Disclaimer: I know enough to keep my systems as secure as I feel they need to be, but I am not a security guru. If you install HyperNews, you should familiarize yourself with all the available information on security, and make sure that you are satisfied with the robustness of your particular setup.
As a HyperNews administrator, you have control over who gets to do what. The “who” here has three possible values: administrator, member, and anyone. The “what” includes creating new base articles; reading articles and responses; and adding, deleting, and/or moving responses. You can pretty much mix and match restriction among the access levels and the available activities. For instance, you might want to grant unrestricted read access to your article and responses, but limit response-adding to members.
In all likelihood, you won't want anyone other than administrators (that is, you) creating base articles—otherwise you might wake up one morning to find that your machine has become an outpost of the Barry Manilow fan club. When it comes to adding responses, however, you might want to adopt a more open policy. The one thing about completely open response-adding that worries me is that it's possible to sign with someone else's name and e-mail address. That person will get a confirmation notice by e-mail (if that option is configured, which it is by default); but that may be cold comfort if several hundred web surfers have already read an illegitimately attributed posting. Requiring membership, on the other hand, might be a deterrent to posting, at least for the casual visitor, since it involves taking the time to fill out a form.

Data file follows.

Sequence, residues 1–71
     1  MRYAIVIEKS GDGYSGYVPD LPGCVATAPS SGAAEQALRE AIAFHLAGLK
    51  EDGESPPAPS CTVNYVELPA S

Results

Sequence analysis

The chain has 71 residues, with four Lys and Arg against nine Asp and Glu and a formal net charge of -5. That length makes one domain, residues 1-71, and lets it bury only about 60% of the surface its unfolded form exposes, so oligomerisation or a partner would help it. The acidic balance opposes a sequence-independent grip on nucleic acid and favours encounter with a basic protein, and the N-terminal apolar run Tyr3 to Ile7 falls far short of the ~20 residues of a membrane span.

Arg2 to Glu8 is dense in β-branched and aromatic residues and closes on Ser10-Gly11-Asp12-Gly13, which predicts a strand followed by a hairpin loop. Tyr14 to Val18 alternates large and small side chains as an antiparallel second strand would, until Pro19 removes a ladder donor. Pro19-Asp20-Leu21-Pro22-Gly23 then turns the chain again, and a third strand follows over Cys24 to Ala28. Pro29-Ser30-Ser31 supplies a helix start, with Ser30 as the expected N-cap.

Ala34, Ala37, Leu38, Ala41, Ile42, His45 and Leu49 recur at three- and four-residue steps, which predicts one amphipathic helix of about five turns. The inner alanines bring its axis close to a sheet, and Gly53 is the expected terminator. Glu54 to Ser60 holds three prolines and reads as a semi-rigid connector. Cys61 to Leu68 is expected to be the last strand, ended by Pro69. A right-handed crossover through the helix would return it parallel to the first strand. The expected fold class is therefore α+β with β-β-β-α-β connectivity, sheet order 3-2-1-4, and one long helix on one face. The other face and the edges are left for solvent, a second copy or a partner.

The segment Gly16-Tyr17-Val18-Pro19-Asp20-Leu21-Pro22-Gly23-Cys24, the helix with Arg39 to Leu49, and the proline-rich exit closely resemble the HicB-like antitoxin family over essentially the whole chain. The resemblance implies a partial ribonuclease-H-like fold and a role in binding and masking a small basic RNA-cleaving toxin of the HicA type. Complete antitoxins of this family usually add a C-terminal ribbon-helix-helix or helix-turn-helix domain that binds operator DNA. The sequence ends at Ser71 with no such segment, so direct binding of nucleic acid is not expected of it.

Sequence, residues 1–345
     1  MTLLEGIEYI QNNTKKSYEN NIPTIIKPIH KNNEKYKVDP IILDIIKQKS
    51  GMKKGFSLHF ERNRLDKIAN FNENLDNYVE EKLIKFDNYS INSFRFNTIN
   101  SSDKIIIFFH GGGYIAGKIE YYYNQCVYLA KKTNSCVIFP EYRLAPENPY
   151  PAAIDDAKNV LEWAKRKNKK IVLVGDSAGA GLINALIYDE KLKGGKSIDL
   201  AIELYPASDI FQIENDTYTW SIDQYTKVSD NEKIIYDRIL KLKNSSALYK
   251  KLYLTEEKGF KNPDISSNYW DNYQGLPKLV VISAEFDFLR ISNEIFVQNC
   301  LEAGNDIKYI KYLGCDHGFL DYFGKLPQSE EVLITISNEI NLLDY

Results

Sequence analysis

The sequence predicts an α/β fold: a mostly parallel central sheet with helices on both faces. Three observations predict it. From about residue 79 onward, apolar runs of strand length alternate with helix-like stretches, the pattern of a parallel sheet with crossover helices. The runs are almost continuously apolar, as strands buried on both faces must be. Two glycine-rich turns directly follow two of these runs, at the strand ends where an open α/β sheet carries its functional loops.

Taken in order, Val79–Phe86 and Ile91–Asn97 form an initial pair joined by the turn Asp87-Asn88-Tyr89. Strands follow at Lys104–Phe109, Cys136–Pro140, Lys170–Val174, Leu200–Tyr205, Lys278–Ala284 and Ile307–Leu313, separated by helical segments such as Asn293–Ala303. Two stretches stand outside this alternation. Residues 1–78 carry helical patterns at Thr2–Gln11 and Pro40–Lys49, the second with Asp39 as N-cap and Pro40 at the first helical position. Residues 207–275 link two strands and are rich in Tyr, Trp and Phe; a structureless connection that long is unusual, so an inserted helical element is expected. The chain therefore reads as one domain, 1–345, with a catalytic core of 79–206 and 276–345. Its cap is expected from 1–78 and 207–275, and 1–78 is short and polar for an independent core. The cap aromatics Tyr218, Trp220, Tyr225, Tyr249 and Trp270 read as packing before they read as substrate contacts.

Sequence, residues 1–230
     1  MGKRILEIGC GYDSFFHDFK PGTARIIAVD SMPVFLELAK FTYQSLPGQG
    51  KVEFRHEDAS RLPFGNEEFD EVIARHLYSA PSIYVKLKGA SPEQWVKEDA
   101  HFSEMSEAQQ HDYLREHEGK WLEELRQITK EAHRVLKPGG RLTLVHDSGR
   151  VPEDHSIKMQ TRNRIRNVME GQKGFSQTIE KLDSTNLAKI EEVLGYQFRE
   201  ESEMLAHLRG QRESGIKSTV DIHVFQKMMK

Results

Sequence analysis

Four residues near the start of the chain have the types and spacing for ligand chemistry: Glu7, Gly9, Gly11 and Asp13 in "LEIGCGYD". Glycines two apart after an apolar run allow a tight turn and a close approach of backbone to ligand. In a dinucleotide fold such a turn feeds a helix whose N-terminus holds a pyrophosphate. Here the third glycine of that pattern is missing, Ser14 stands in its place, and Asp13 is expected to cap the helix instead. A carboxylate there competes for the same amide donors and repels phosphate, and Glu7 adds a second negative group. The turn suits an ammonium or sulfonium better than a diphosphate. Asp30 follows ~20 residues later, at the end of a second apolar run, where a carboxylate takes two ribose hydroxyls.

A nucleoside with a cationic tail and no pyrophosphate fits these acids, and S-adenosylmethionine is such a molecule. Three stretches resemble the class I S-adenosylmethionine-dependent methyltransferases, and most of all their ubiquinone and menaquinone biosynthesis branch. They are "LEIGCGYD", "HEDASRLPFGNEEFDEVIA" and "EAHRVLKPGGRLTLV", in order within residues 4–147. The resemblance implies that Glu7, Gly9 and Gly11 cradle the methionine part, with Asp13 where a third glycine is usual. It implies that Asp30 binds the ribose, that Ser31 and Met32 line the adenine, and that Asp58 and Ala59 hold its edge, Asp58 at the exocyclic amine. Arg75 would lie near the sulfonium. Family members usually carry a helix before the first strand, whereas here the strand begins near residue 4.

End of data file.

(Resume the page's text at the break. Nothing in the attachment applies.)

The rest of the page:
I'll describe some further aspects of access and security in the following section.
The HyperNews distributions is a suite of Perl 5 CGI scripts. I hit a bit of a snag here—I had to recompile Perl to get rid of some weird and disabling behavior having to do with reading configuration files. (It's still a mystery to me why it happened.) Perl 5.001m seems to be the Perl release of choice for running HyperNews.
I've installed HyperNews on two machines, using a pretty by-the-book directory structure. The major step is:
cd /usr/local/lib/httpd/cgi-bin cp HyperNews1.version.tgz . tar -xvzf HyperNews1.<version>.tgz
version will be something like 1.9B5.5. This creates the subdirectory HyperNews1.version. The installation instructions recommend moving this directory to HyperNews:
mv HyperNews1.version HyperNews
The HyperNews directory tree must be writeable by your httpd server process during installation (though not thereafter, and in fact it's recommended that you remove write permissions once the package is installed). My server runs as user http, group www, so I did:
chown -R http:www HyperNews
The HyperNews tree is where the scripts and the principal configuration file live. HyperNews documents (base article and response .html files, and the smaller configuration files that go with them) go in a separate subdirectory, generally under /usr/local/lib/httpd/htdocs (or equivalent). Therefore, you will do something like:
cd ../htdoc mkdir hn chown http:www hn
The next step in installation is to run the setup script, which you do with your HTML browser:
You can also run a command-line version of the setup script, but you then have to edit the configuration file manually and run it again. It's handy once you know what you're doing, but not very installer-friendly the first time around.